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|Title:||Influence of Plasma Processing on Recovery and Analysis of Circulating Nucleic Acids|
Guttery, David S.
Elshaw, Shona R.
Pringle, J. Howard
Marchese, S. D.
Coombes, R. C.
Shaw, Jacqueline A.
|Publisher:||Public Library of Science|
|Citation:||PLoS One, 2013, 8 (10), e77963|
|Abstract:||Circulating nucleic acids (CNAs) are under investigation as a liquid biopsy in cancer. However there is wide variation in blood processing and methods for isolation of circulating free DNA (cfDNA) and microRNAs (miRNAs). Here we compare the extraction efficiency and reproducibility of 4 commercially available kits for cfDNA and 3 for miRNA using spike-in of reference templates. We also compare the effects of increasing time between venepuncture and centrifugation and differential centrifugation force on recovery of CNAs. cfDNA was quantified by TaqMan qPCR and targeted deep sequencing. miRNA profiles were assessed with TaqMan low-density arrays and assays. The QIAamp(®) DNA Blood Mini and Circulating nucleic acid kits gave the highest recovery of cfDNA and efficient recovery (>90%) of a 564bp spike-in. Moreover, targeted sequencing revealed overlapping cfDNA profiles and variant depth, including detection of HER2 gene amplification, using the Ion AmpliSeq™Cancer Hotspot Panel v2. Highest yields of miRNA and the synthetic Arabidopsis thaliana miR-159a spike-in were obtained using the miRNeasy Serum/Plasma kit, with saturation above 200 µl of plasma. miRNA profiles showed significant variation with increasing time before centrifugation (p<0.001) and increasing centrifugation force, with depletion of platelet associated miRNAs, whereas cfDNA was unaffected. However, sample replicates showed excellent reproducibility on TaqMan low density arrays (ρ = 0.96, p<0.0001). We also successfully generated miRNA profiles for plasma samples stored > 12 years, highlighting the potential for analysis of stored sample biobanks. In the era of the liquid biopsy, standardisation of methods is required to minimise variation, particularly for miRNA.|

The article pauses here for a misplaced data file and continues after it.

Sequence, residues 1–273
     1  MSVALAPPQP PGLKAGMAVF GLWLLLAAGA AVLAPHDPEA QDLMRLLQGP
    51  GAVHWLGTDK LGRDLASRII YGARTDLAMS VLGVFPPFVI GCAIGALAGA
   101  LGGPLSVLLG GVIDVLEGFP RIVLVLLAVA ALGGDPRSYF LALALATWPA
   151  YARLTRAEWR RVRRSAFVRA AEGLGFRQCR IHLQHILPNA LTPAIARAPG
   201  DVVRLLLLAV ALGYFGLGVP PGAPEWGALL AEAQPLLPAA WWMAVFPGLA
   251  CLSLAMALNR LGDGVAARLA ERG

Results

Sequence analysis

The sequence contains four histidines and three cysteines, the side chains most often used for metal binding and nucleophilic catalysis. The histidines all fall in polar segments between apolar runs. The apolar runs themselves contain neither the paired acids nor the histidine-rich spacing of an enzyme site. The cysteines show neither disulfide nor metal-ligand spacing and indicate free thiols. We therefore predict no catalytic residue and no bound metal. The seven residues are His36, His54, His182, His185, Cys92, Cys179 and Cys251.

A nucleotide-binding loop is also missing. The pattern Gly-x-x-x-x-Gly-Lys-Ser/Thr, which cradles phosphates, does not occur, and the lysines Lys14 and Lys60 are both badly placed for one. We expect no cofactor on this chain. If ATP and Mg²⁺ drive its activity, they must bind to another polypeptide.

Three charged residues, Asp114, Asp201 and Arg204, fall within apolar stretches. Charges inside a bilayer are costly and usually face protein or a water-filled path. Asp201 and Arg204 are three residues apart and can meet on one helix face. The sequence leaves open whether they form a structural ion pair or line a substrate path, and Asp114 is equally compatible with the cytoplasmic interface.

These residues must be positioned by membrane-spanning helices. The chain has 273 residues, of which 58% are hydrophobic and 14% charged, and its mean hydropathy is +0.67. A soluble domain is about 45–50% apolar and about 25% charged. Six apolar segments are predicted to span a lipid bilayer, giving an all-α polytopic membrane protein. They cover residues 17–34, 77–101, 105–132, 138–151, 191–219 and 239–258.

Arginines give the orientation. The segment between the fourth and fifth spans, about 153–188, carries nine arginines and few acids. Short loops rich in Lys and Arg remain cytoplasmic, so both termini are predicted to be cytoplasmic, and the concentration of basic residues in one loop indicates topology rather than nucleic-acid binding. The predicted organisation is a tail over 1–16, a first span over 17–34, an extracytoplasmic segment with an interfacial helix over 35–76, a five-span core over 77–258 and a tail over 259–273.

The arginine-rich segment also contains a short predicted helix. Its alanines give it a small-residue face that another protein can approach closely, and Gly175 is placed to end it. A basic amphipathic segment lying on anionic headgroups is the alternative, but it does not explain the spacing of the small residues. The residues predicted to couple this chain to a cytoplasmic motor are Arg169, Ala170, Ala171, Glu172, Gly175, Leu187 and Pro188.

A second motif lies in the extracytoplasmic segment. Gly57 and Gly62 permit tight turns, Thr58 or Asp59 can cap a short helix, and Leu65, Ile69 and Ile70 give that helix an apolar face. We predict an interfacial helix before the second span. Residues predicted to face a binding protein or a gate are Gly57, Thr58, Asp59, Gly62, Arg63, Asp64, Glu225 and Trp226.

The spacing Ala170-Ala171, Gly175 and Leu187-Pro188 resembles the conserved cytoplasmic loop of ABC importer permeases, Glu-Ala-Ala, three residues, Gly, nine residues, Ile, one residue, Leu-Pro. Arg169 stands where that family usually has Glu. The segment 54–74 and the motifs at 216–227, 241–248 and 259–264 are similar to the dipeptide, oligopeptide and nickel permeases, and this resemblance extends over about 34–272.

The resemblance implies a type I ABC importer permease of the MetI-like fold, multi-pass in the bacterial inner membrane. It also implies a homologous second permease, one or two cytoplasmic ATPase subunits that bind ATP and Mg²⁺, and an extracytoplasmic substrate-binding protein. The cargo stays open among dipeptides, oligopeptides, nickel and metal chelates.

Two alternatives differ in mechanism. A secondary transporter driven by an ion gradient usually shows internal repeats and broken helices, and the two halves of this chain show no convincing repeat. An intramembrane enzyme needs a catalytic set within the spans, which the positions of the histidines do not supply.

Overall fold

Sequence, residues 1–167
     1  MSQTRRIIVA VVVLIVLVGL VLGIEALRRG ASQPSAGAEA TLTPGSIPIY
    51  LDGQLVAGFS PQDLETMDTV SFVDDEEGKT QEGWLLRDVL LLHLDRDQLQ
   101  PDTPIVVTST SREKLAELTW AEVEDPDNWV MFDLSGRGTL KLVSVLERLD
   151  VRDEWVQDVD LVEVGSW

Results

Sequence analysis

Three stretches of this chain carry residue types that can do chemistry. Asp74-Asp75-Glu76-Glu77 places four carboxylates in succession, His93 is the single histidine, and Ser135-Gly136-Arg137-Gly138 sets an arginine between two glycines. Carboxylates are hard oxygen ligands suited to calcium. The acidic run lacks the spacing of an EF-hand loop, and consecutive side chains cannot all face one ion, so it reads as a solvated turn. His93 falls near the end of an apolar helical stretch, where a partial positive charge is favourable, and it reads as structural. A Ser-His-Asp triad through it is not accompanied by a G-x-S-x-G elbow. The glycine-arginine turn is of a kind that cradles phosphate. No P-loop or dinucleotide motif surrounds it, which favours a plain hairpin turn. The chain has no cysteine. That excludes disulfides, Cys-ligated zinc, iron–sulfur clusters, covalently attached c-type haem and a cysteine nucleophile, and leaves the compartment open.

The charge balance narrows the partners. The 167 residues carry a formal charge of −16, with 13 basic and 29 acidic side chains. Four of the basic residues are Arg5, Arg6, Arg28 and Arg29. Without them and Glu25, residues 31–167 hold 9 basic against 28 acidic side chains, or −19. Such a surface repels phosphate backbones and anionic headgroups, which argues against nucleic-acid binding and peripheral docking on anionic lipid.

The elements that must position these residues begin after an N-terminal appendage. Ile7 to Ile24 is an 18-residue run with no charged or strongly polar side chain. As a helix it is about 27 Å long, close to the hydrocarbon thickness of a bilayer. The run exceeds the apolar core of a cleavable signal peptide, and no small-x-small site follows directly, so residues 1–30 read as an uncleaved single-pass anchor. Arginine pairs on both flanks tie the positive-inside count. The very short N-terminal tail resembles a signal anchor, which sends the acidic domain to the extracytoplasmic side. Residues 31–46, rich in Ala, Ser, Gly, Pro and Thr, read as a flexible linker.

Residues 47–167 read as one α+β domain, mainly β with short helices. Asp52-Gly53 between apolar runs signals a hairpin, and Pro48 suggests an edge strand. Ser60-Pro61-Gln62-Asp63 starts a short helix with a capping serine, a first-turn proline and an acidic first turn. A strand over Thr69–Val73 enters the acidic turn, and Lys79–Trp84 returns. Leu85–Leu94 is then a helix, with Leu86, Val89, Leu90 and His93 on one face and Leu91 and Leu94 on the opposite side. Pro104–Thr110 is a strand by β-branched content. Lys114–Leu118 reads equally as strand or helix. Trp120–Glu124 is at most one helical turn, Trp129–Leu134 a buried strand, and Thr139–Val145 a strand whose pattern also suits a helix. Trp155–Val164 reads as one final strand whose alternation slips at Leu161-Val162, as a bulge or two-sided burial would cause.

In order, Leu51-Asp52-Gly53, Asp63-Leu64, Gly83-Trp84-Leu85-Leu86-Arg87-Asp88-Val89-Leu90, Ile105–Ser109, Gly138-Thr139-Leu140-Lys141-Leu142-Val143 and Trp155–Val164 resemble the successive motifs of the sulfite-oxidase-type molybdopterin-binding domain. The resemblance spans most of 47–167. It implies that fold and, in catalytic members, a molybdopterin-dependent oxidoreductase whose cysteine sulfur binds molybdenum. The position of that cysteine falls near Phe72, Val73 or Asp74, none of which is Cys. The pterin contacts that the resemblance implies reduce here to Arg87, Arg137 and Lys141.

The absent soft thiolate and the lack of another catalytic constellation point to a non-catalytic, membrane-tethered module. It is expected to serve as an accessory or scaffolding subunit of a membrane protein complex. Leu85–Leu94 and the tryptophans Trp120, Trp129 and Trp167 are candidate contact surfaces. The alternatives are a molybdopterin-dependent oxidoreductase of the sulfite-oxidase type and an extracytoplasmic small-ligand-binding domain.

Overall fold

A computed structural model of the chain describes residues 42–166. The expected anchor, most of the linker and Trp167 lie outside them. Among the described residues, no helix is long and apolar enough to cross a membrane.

|Rights:||Copyright © 2013 Page et al. This is an open-access article distributed under the terms of the Creative Commons Attribution License, which permits unrestricted use, distribution, and reproduction in any medium, provided the original author and source are credited.|
|Appears in Collections:||Published Articles, Dept. of Cancer Studies and Molecular Medicine|
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